The only certainty in the energy field is that prices will continue to go up
Already about 6m are living in what is described as fuel poverty – that is, more than 10 per cent of their income is taken by energy bills – and British industry regularly warns that intensive energy users are being priced out of the country.
Why is this happening when Britain is deeply in debt with a £150bn budget deficit and the Government is fighting rising unemployment and trying to promote growth?
There is no simple answer. Energy use has fallen from its peak because of the economic slowdown but international prices for fossil fuels remain high. They do, of course, fluctuate – e.g. gas through reduced economic activity and new supplies of ‘unconventional’ gas – but the longer term prospect is rising prices for all fossil fuels. Some would argue the current average energy bill, £1,300, is partly the result of profiteering by energy suppliers, but it should be pointed out that gas and electricity are subject to regulation by Ofgem.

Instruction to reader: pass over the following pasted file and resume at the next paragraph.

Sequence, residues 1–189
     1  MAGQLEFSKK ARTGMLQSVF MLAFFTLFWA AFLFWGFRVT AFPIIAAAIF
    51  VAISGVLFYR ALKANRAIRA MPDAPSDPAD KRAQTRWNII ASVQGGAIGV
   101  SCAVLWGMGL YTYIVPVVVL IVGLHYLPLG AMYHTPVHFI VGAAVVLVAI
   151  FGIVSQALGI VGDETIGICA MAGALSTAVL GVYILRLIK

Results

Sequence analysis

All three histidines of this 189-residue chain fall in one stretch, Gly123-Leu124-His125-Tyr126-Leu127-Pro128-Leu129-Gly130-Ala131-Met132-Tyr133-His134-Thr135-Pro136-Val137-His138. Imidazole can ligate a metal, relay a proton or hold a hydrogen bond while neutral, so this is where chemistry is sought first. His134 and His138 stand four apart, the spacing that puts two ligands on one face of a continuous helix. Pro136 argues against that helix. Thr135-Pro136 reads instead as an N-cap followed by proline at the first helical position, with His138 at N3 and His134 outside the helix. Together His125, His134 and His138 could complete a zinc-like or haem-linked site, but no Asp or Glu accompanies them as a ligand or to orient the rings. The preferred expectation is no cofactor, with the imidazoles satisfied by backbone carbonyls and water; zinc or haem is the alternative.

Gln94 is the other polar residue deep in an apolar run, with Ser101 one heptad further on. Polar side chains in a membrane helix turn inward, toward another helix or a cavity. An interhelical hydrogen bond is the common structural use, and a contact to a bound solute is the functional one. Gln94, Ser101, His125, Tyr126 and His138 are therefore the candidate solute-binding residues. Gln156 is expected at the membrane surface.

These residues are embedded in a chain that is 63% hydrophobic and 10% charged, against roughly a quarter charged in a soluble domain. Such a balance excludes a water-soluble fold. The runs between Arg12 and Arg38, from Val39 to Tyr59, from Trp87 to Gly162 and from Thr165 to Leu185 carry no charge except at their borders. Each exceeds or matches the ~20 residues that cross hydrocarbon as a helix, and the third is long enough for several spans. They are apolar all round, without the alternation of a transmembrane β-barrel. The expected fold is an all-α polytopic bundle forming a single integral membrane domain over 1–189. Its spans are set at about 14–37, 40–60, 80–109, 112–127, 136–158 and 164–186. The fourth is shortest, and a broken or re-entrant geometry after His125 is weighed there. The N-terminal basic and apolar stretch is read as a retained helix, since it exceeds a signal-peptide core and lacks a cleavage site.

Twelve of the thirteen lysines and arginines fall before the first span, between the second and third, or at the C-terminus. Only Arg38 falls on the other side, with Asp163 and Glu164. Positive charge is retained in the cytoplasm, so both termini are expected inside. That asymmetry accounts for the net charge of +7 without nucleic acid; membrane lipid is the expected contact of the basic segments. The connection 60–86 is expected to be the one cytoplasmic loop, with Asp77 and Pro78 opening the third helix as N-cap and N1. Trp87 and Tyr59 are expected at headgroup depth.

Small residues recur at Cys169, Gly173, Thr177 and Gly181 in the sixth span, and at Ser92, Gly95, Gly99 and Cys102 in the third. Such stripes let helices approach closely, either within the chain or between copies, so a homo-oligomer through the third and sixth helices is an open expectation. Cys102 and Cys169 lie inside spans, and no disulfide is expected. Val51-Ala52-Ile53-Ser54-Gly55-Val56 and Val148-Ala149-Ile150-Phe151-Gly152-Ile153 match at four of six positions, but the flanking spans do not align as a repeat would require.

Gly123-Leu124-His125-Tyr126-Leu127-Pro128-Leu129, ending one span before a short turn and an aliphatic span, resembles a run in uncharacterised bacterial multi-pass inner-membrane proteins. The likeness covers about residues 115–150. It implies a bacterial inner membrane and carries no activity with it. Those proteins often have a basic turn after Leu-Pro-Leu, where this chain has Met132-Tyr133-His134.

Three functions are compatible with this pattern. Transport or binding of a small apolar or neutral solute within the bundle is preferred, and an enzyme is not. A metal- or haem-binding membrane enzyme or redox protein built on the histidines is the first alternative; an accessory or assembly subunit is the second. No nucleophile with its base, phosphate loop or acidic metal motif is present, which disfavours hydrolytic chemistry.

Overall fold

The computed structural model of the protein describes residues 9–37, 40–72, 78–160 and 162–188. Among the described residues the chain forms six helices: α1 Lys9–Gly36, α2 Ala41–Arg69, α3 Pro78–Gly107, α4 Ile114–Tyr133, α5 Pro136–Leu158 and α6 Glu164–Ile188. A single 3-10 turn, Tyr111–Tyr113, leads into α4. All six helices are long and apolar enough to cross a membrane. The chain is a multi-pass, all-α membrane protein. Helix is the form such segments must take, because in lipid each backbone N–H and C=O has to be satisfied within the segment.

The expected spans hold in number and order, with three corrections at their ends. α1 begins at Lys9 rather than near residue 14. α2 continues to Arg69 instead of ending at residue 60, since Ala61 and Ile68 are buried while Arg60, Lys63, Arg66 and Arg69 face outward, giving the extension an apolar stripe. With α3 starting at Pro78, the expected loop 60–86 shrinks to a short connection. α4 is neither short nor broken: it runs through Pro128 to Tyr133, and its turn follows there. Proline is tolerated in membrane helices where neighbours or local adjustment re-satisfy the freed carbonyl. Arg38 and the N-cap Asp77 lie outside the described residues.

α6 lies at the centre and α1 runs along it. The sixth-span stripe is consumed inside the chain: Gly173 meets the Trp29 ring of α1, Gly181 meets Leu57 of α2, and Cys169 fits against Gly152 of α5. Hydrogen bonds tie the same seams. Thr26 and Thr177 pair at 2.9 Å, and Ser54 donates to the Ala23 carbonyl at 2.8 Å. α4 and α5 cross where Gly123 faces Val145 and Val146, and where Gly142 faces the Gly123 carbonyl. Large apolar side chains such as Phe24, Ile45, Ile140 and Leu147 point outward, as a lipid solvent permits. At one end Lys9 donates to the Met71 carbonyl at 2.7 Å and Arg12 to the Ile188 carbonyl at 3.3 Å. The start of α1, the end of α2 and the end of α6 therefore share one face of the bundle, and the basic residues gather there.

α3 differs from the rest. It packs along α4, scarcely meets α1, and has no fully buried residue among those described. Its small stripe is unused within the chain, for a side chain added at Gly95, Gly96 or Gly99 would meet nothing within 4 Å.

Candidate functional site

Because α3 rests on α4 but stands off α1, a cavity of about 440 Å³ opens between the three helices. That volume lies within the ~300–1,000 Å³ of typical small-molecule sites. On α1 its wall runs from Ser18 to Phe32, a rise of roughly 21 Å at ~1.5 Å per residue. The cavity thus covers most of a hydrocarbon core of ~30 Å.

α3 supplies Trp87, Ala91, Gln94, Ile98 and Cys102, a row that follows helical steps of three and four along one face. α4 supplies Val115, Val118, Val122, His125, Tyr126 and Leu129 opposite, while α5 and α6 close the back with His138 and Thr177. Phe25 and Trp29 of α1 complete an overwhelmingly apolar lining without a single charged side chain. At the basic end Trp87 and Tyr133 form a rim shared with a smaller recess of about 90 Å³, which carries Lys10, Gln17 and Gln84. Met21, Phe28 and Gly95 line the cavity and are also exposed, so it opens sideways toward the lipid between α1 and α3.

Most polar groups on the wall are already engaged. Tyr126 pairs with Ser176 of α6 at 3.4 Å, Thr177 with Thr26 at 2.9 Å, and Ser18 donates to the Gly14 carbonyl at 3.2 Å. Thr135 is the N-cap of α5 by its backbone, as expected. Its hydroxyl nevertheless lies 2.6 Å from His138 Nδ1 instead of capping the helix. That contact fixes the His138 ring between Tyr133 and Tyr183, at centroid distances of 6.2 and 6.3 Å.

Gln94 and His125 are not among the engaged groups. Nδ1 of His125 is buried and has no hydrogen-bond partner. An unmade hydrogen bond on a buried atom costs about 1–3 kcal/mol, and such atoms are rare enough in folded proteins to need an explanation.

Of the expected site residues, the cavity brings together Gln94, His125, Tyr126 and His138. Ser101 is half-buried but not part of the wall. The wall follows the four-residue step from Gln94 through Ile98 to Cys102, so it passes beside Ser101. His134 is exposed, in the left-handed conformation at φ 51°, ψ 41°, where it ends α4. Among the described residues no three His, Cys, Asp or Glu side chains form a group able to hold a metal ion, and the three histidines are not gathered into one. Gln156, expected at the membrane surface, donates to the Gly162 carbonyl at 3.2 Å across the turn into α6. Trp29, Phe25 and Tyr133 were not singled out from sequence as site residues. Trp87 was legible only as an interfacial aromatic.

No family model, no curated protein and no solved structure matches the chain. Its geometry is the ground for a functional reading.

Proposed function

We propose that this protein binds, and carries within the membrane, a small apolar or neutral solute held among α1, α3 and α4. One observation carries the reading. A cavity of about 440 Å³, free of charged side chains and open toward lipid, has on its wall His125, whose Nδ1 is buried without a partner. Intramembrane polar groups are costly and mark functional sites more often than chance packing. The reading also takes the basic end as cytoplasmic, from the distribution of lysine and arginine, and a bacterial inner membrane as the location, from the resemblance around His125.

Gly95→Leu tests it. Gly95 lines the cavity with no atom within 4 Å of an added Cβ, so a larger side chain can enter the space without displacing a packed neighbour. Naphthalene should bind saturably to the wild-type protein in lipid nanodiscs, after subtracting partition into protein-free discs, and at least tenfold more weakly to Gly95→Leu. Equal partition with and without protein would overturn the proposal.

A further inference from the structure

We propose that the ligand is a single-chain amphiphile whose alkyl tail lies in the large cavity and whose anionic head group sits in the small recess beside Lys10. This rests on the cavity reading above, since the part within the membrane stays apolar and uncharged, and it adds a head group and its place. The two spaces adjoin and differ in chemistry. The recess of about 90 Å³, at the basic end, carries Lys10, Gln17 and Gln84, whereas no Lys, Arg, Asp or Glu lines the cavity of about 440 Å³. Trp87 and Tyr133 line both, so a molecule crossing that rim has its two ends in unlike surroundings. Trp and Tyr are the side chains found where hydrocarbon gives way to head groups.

Another – and growing – reason is the use of energy policy to combat global warming. At present, this probably – and again there is no independent, authoritative figure – adds £100 to the average household heating and lighting bill, but it is projected to rise substantially in future.
This is because of the remarkable political consensus in the UK on the way to combat global warming – by discouraging fossil fuel consumption, or de-carbonising the economy, as it is called. The Government could do this and obtain greater security of supply at competitive cost by urgently re-developing nuclear power, which emits next to no carbon dioxide. It has administratively facilitated nuclear’s renewal while decreeing that no new nuclear power stations will be built unless the unsubsidised private investor decides to invest his money in this way.
At the same time it requires the consumer heavily to subsidise renewable sources of energy in a variety of ways – through direct supplements to the price paid for “green” power, preferential use of “clean” energy and a carbon tax which could also incidentally advantage nuclear.